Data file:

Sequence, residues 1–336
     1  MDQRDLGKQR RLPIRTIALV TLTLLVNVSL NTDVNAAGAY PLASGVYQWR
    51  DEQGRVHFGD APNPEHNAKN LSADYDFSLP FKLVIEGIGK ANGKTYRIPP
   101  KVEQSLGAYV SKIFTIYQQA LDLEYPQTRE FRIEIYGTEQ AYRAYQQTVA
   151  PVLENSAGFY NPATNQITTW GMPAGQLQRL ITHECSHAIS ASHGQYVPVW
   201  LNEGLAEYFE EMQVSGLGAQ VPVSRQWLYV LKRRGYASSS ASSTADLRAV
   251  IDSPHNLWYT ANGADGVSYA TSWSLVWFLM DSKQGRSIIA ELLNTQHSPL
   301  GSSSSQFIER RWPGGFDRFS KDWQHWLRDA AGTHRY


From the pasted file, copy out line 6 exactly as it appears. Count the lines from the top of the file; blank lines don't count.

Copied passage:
   201  LNEGLAEYFE EMQVSGLGAQ VPVSRQWLYV LKRRGYASSS ASSTADLRAV